AnandaPeters.com
By Ananda Peters 
on Thursday, January 11, 2018
mountians

This week, we said good-bye to our infant son David. We didn’t even have a chance to say hello. A few days earlier, at 16 weeks pregnant, I had noticed some abnormal discharge with light spotting. I’ve had spotting in several prior pregnancies and everything had turned out fine, so I wasn’t alarmed at first. That was Friday. By Sunday, I started thinking about how I was feeling. My belly felt heavy, lifeless. I went in to see the doctor first thing Monday morning and my fears were confirmed: there was no heartbeat. As the doctor ran her doppler across my tummy, I knew. Back and forth, up down. I couldn’t hold back the tears.

“Let me just go get my ultrasound machine,” she said.

“We’ve never not heard the heartbeat on the doppler,” I replied.

She smiled and said, “Let’s just check out the ultrasound.”

There was Baby, but there was no heartbeat.

At 42, I had known the risk was high. How many times had I done an online search for “pregnant at 42”? Always the same information … low chance of getting pregnant, high risk of miscarriage, high risk of Baby born with chromosomal abnormalities.

And it had been harder this time to get pregnant.  There had been a couple of months of throwing caution to the wind with no pregnancy, and then came the barn dance. Jim and Tami sure know how to throw a party. The food, the music, the friends, the dancing … it had been so long since Joe and I had danced. It was just all just so romantic. And yes, there was the memory of the difficult last pregnancy, of smothering post-partum hormones, all of that. But that night, I guess we kind of forgot.

The positive pregnancy test a couple weeks later was both exciting and sobering.  I had to prepare myself mentally for a solid two months of misery. The last few pregnancies had been like clockwork: week 8 to week 16 would be non-stop nausea and vomiting.  I texted Joe, who was shocked and then immediately giddy. Joe loves babies more than anything else in the world. He’s said several times, “If only I could figure out a way to get paid for holding babies, life would be perfect.”

The kids were happy, and they immediately got busy picking out names. Nevaeh, our 13-year-old, made everybody take a poll, and then she rated the names in order of popularity. But for Joe and I, the names were settled fairly quickly. David Elias for a boy; Genevieve Joella for a girl. I thought it was a girl. Our living children are Boy/Girl/Girl/Girl/Boy/Boy/Boy … wouldn’t a girl just round it out nicely? My little boys, three of them born in three years, are live-wires. They are busy, they are loud, they are constant. Maybe a quiet little girl would be easier?

My two months of illness were completely predictable. I’m sure I wore a permanent dent on the couch. School days consisted of me sitting down all morning while the kids brought me their work. I had babysitters coming daily to watch my little guys. Laundry took all day and all my strength. I fought back depression. One night, I cried to Joe in bed.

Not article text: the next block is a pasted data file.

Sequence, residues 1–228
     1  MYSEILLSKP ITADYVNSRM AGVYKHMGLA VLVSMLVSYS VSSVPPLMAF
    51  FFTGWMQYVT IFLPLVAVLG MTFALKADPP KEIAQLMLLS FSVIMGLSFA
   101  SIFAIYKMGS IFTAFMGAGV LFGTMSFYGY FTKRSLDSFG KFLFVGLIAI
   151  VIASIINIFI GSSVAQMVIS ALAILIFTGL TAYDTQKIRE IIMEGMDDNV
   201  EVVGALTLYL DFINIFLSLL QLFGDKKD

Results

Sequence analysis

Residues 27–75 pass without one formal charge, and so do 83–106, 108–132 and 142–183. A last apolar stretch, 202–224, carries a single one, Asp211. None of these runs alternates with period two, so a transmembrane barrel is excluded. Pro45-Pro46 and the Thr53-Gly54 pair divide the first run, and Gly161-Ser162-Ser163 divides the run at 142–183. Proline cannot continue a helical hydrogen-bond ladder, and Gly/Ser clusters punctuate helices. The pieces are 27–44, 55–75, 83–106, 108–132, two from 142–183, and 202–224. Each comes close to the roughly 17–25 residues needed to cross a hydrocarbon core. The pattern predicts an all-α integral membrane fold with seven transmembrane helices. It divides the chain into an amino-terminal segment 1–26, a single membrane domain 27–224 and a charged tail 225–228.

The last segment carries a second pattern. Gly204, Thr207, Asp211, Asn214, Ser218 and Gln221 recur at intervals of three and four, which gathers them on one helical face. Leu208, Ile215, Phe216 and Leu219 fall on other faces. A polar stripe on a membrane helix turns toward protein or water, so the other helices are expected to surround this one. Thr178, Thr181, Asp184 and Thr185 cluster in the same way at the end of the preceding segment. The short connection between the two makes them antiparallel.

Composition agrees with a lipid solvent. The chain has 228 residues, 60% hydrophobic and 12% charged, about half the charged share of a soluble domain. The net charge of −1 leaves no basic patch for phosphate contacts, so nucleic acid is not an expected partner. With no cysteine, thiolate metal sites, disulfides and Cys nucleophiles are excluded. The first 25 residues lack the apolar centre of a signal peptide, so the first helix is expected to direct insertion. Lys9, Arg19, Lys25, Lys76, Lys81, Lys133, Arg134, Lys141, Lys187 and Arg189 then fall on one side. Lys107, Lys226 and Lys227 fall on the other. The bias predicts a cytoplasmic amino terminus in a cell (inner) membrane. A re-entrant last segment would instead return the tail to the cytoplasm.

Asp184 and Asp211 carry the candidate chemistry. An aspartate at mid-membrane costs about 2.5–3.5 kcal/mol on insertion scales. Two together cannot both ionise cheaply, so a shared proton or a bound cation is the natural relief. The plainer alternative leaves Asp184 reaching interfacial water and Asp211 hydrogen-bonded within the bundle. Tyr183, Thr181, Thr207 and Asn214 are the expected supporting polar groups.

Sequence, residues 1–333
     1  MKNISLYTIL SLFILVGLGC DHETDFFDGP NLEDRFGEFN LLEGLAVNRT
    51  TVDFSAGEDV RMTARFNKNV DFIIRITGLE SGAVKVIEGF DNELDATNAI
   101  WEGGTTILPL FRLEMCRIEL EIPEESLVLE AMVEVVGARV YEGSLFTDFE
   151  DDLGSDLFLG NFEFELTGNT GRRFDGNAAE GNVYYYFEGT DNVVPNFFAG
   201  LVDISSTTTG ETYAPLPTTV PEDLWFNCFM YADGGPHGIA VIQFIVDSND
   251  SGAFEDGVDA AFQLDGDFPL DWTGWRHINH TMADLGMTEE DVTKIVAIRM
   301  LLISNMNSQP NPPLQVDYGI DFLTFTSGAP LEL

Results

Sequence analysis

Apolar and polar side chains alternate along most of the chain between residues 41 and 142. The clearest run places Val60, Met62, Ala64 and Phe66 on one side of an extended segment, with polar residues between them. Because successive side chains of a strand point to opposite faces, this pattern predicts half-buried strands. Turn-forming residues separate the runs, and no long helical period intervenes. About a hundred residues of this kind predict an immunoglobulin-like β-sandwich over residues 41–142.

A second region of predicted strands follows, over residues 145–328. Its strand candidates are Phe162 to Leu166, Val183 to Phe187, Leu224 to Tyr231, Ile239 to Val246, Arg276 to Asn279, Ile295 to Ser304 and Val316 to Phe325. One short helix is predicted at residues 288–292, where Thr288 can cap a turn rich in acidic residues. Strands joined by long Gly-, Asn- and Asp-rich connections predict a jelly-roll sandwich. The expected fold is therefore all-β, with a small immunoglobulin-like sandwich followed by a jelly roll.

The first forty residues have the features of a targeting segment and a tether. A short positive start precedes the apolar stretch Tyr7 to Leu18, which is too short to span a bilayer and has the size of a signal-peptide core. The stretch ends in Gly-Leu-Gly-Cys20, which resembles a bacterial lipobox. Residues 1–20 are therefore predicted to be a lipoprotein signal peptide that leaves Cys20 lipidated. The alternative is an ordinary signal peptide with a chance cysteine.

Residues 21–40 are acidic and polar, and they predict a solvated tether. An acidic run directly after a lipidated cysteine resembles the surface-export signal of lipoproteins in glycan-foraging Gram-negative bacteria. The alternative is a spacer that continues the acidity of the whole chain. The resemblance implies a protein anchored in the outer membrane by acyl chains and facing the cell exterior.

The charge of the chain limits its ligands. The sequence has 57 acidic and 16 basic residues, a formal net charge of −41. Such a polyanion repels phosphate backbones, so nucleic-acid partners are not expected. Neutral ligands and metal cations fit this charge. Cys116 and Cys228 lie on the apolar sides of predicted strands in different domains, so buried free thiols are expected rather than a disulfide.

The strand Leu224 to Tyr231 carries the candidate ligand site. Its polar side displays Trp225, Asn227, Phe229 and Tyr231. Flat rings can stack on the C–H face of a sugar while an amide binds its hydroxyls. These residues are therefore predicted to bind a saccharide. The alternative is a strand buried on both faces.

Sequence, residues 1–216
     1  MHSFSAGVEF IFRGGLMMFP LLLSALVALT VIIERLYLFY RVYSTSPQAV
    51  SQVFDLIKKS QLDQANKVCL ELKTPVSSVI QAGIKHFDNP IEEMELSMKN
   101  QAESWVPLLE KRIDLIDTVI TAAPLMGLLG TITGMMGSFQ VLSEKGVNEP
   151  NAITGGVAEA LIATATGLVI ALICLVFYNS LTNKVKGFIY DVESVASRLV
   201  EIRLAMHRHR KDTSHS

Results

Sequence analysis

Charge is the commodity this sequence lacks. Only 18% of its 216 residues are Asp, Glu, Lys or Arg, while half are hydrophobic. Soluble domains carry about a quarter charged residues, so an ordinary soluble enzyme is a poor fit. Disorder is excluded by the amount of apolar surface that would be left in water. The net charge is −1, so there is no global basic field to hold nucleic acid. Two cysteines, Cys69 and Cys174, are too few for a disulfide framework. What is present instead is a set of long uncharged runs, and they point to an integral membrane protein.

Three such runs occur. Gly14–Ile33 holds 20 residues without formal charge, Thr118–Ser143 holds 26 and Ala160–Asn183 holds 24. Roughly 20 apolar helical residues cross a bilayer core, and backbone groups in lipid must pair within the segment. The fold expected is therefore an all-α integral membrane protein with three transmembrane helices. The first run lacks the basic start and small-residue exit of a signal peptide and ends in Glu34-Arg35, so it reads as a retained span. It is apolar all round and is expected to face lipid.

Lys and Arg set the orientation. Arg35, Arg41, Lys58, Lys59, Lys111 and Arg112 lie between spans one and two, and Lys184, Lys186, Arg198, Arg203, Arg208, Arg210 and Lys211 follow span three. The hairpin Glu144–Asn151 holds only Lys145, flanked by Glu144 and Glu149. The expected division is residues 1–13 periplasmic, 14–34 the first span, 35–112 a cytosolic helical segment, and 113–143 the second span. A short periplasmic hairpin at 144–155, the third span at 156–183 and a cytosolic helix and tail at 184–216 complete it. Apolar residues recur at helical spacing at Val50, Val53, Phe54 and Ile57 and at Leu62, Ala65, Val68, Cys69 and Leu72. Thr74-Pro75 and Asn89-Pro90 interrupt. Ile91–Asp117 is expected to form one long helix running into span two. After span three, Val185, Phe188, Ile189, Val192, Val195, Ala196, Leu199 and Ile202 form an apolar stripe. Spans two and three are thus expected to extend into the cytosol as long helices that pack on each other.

“This isn’t the only thing I wanted to do with my life! I’ve been sick and pregnant and fat and nursing for 15 years. I’m sick of it!”

But then, as surely as the sun rises each morning, the nausea eased up. It had felt like an eternity, but then I realized the earth had gone on spinning and somehow my children had survived. I could look out my window at the mountain view and smile again. When I realized I was at the end of my trial, I bawled.

“God, You got me through this again. I’m so sorry for doubting You! Thank You!”

That was Monday night, one week before the doctor’s appointment. Tuesday morning, I vomited again, but the nausea wasn’t constant anymore. Thursday, I declared to my family, “That’s it, I’m done being sick! Even if I feel sick now, I’m not listening to it. I’m done.”

The next day, I noticed the discharge.  Three days later, after my morning doctor’s appointment, I was induced, and after a few hours, David Elias was born in the Penrose St. Francis Hospital. He was small, less than five inches long, but perfect, beautiful.

My first thought was all about me, ‘Why did I have to go through all that, only to lose the baby?’ But then I realized we hadn’t lost anything because our baby was safely in the arms of Jesus.

trouble gameI keep thinking about that Trouble game where you have to pop a number and go around the board hoping nobody knocks you out, and then when you’re “Home”, you’re safe. These little guys don’t have to go through the trials and temptations of life, they go straight “Home”. David’s life was not in vain because he will live forever. Joe and I were stewards of his life while we had him, even though he never took a breath. We conceived him and carried him, sacrificed our own comfort for him, and all along only God knew. He had numbered David’s days, and they were all in utero.

“Before I formed you in the womb, I knew you. Before you were born, I set you apart.” Jeremiah 1:5a

“Fear not, for I have redeemed you; I have called you by your name, you are Mine.” Isaiah 43:1b

Next week, we will bury our son’s body. The day after I came home from the hospital, Joe went to the cemetery and bought an infant plot with a mountain view. We grieve, we mourn, and yet we will echo the words of the psalmist in Psalm 121:

“I lift up my eyes to the mountains – where does my help come from? My help comes from the Lord, the Maker of heaven and earth. He will not let your foot slip – He who watches over you will not slumber; indeed, He who watches over Israel will neither slumber nor sleep. The Lord watches over you – the Lord is your shade at your right hand; the sun will not harm you by day, nor the moon by night. The Lord will keep you from all harm – He will watch over your life; The Lord will watch over your coming and going, both now and forevermore.”

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